So far I've only scratched the surface of KSP, and I don't know how much time I will spend with it. It depends in part on whether I start to do some space-related educational outreach again. I haven't done any for quite a while. When I have done school presentations, I have generally used Orbiter to dynamically demonstrate certain aspects of space flight and the solar system. That's cool for demos, and it beats simply using PowerPoint, but Orbiter's learning curve is quite steep, and it's hard for me to recommend to any students younger than maybe 11 or 12. KSP is definitely more kid-friendly. The rocket building section (see picture at top of this post) is simple yet powerful (though there is no guarantee that what you build will fly well or at all - the physics is pretty realistic, so you have to worry about mass, thrust, stability, etc.). As the Minecraft craze shows, kids (and adults) love to build stuff inside virtual worlds (and real ones). While building your own spacecraft for Orbiter is certainly possible, it's a separate "add on" development process, not integrated with the simulation itself.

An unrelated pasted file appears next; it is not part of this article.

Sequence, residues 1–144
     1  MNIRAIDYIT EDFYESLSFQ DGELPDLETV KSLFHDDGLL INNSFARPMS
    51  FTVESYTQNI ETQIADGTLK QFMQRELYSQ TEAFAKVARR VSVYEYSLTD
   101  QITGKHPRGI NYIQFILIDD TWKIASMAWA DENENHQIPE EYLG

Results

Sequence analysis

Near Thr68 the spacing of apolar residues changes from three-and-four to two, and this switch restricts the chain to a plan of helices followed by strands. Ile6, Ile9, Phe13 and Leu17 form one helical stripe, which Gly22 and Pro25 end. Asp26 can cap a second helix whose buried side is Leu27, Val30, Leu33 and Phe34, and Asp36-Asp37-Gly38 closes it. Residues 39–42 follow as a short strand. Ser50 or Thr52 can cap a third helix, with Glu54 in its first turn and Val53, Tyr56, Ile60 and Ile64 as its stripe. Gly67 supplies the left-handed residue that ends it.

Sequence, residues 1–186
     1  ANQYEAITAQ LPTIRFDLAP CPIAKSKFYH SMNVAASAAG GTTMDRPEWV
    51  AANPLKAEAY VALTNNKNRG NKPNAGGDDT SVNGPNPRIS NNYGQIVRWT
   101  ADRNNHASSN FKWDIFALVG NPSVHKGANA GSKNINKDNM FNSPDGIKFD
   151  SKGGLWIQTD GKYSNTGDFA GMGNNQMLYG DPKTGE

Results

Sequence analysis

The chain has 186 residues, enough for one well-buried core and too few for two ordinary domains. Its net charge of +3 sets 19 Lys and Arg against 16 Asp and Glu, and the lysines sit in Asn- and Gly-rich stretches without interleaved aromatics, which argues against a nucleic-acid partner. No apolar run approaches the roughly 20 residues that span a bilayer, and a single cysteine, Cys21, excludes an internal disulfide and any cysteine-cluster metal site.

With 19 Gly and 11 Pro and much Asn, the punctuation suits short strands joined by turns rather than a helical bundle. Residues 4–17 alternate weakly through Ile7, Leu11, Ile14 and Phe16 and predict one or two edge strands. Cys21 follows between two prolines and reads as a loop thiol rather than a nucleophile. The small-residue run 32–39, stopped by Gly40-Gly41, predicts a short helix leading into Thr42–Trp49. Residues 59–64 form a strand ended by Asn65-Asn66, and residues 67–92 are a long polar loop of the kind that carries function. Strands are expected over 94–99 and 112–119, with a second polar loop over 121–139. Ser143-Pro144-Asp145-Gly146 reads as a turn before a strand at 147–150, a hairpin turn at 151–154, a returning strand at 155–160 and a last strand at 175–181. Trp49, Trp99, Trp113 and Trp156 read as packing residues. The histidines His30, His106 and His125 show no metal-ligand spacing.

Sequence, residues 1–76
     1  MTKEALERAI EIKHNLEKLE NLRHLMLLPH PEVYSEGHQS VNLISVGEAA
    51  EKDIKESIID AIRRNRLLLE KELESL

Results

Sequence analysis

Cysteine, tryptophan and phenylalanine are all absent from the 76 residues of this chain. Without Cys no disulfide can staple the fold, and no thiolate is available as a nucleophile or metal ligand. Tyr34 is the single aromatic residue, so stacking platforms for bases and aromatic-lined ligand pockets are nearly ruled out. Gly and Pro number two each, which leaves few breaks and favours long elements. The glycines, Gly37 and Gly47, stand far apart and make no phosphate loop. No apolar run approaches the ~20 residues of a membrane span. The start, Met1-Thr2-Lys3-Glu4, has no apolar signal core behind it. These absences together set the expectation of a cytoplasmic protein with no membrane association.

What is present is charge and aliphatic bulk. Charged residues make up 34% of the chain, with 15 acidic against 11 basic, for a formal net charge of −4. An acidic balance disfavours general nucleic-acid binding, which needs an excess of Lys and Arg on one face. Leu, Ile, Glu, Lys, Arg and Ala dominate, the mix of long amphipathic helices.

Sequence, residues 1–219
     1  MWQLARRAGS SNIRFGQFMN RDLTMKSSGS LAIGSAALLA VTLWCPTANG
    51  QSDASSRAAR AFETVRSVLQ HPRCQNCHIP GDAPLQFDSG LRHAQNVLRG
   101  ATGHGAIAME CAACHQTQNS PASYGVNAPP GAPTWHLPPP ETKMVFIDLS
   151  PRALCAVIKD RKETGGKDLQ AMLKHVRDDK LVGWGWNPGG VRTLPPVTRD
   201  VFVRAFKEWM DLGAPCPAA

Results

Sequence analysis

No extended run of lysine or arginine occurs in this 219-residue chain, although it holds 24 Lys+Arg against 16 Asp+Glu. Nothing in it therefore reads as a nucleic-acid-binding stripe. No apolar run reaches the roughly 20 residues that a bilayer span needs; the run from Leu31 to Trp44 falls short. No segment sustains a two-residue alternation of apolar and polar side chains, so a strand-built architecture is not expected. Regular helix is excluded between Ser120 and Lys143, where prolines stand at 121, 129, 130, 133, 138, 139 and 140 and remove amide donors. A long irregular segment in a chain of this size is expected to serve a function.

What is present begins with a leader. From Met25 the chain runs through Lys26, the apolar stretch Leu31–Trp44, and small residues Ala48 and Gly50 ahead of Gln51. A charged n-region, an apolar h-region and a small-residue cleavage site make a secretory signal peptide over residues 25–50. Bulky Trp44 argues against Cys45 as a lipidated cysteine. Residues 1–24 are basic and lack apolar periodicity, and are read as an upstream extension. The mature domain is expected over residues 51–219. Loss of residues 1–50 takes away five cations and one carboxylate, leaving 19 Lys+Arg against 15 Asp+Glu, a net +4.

KSP also integrates the instruments and controls needed to change orbits directly within the 3D views (spacecraft and map), making it easier and less abstract to see the effects of firing your rockets at certain times, locations, and directions. The screenshot above is from the integrated Orbiting 101 tutorial, and it shows the "maneuver node system" being used to predict the effect of a pro-grade burn at the low point of the orbit (periapsis). Dragging the pro-grade symbol changes the delta-V (speed change) value, and the dotted orbital path shows the predicted effect in real time (your path doesn't actually change unless you make that proposed burn at the proper time and with the correct ship orientation). Orbiter has similar capabilities (and much more) with its various "MFD" instruments, but these work like display screens in the cockpit, not directly in the 3D view. More realistic but also harder to visualize and understand.